now with the ID in hand, you can start any command line program from your Docker container, for instance bash:

docker exec -it 69420blazeit bash

You’ll be “logged in” as root:


and from there, you can install Debian packages. The following two packages are necessary to install many R packages from source, so I recommend you install them:

root@69420blazeit:/# apt-get install libssl-dev libxml2-dev

Once these Debian packages are installed, you can start R by simply typing R in the same console, and install whatever packages your Shiny apps will need. In my case, I installed {golem} and several others, but this will be the subject of another blog post. We’re almost done with that; we now need to save the changes because if you restart the container, you’ll lose all these changes. To save these changes, let’s run the following command, but in a new terminal on your Raspberry Pi (on the “local” Ubuntu, not the Debian running in the container):

ubuntu@ubuntu:~$ docker commit -m "added some dependencies" 69420blazeit shiny_with_deps

So now you could run this container with the command from above, by replacing the adequate parts:

docker run -d -p 3838:3838 -v shiny-apps:/srv/shiny-server/ -v shiny-logs:/var/log/ -v shiny-conf:/etc/shiny-server/ --name rpi-shiny-server shiny_with_depsshiny_with_deps

Using your Shiny server

Ok so now that the server is running, you can you deploy apps on it? Remember the folders that we created at the beginning of the blog post (or that you created if you followed havlev’s guide)? This is where you’ll drop your apps, the usual way. You create a folder there, and simply put the ui.R and server.R files in here, and that it. These folders can be found in your $HOME directory, and they are accessible to your docker container as well. Once you dropped one or two apps, you’ll be able to access them on a link similar as this one:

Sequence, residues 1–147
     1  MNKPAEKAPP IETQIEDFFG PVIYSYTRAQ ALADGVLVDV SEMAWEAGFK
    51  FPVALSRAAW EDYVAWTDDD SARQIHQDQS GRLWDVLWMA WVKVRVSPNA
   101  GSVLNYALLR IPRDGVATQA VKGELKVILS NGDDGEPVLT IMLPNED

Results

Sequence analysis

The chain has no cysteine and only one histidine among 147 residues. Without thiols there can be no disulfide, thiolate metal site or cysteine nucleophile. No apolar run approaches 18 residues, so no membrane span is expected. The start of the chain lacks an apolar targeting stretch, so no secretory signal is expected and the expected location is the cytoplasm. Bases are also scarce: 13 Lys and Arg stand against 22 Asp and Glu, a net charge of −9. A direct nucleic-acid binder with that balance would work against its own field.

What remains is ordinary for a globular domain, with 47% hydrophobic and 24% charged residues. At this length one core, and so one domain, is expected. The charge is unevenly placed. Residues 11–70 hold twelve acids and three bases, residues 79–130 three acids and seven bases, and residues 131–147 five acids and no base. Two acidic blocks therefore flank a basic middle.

where is the local IP address of the Raspberry Pi, 3838 is the port the server is listening to, and /hello/ is the name of the subfolder contained in the ~/shiny-server/apps folder that you created before. What is left doing is making your Raspberry Pi a proper server that can be accessed from the internet. For this, you’ll need to ask your ISP for a dynamic IP address. Generally, you’ll have to pay some money for it; in my case, I’m paying 2€ a month. This address can then be used to access your Raspberry Pi from the internet. The problem, is that being dynamic, the address changes every time you restart your server. To solve this issue, you can use a free dynamic DNS. I use duckdns. This will allow you to have domain that you can share with the world. What’s nice is that if you follow their guide the redirection to the dynamic IP address will happen seamlessly every time it changes, so no need to think about it and do it manually.

Finally, you’ll also have to open up port 3838 on your router. The procedure changes from router to router, but you should be able to find the instructions for your router quite easily. If not, you should also be able to get help from your ISP.

The end result is that you’ll have your own Shiny server running off a Raspberry Pi, and accessible over the internet! You’ll be able to deploy as many apps as you want, but of course, don’t forget that you’re running all this on a Raspberry Pi. While these machines have become quite powerful over the years, they won’t be powerful enough if you’re running some heavy duty apps with hundreds of concurrent users.

In my next blog post, I’ll walk you through the development of a Shiny app using the {golem} package, which you can find here.

Hope you enjoyed! If you found this blog post useful, you might want to follow me on twitter for blog post updates and buy me an espresso or paypal.me, or buy my ebook on Leanpub.